Incidence, Mechanisms, Predictors, and Clinical Impact of Acute and Late Stent Malapposition After Primary Intervention in Patients With Acute Myocardial Infarction
An Intravascular Ultrasound Substudy of the Harmonizing Outcomes With Revascularization and Stents in Acute Myocardial Infarction (HORIZONS-AMI) Trial
Background—The incidence and mechanisms of acute and late stent malapposition after primary stent implantation in ST-segment elevation myocardial infarction remain unclear.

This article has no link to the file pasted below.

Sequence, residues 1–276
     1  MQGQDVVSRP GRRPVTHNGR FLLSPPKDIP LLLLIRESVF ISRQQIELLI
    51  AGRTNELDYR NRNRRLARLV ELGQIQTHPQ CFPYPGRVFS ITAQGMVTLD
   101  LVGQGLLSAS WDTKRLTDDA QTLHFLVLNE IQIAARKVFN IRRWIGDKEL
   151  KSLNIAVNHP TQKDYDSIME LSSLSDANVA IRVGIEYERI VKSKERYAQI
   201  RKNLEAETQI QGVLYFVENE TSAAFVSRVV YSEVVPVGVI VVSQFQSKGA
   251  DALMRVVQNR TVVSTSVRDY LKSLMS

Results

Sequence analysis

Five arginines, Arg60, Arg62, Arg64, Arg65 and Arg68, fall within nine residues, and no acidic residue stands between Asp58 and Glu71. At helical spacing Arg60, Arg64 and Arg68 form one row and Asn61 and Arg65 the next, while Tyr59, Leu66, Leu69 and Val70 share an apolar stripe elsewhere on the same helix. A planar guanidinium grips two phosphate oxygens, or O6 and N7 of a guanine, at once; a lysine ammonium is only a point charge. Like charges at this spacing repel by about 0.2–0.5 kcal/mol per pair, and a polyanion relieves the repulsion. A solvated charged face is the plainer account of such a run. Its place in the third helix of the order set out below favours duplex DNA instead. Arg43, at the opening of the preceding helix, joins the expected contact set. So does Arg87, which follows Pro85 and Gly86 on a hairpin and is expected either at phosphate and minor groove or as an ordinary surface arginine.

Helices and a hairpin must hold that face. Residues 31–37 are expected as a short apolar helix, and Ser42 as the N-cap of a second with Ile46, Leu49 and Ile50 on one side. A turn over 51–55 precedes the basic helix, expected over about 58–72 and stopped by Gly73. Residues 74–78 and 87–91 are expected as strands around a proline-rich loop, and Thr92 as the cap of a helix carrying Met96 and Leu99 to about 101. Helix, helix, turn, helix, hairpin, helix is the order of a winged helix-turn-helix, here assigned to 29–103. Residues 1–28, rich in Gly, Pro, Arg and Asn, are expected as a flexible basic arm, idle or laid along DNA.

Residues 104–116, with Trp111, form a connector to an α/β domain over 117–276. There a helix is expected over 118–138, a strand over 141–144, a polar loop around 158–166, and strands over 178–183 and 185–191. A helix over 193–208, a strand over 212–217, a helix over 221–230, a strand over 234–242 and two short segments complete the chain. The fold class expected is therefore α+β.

Methods and Results—The Harmonizing Outcomes with Revascularization and Stents in Acute Myocardial Infarction (HORIZONS-AMI) trial was a dual-arm, factorial, randomized trial comparing paclitaxel-eluting stents (PES) and otherwise equivalent bare metal stents (BMS) in ST-segment elevation myocardial infarction patients. The intravascular ultrasound substudy enrolled 241 patients with 263 native coronary lesions (201 PES, 62 BMS) with baseline and 13-month follow-up imaging. Postintervention acute stent malapposition (ASM) occurred in 34.3% PES- and 40.3% BMS-treated lesions. Of these, 39.1% PES- and 40.0% BMS-treated lesions resolved at follow-up, especially within the stent body (66.7%); complete resolution was accompanied by a reduction in external elastic membrane area. An ASM area >1.2 mm2 best separated persistent from resolved ASM. At follow-up, a higher frequency of late stent malapposition was detected in PES-treated lesions (46.8%) mainly because of more late acquired stent malapposition (30.8%) compared with BMS-treated lesions. Late acquired stent malapposition area correlated to the decrease of peri-stent plaque in the subset of lesions without positive remodeling and only to change in external elastic membrane in the group with positive remodeling. Independent predictors of late acquired stent malapposition were plaque/thrombus protrusion (odds ratio, 5.60; 95% confidence interval [CI], 2.32 to 13.54) and PES use (odds ratio, 6.32; 95% CI, 2.15 to 18.62).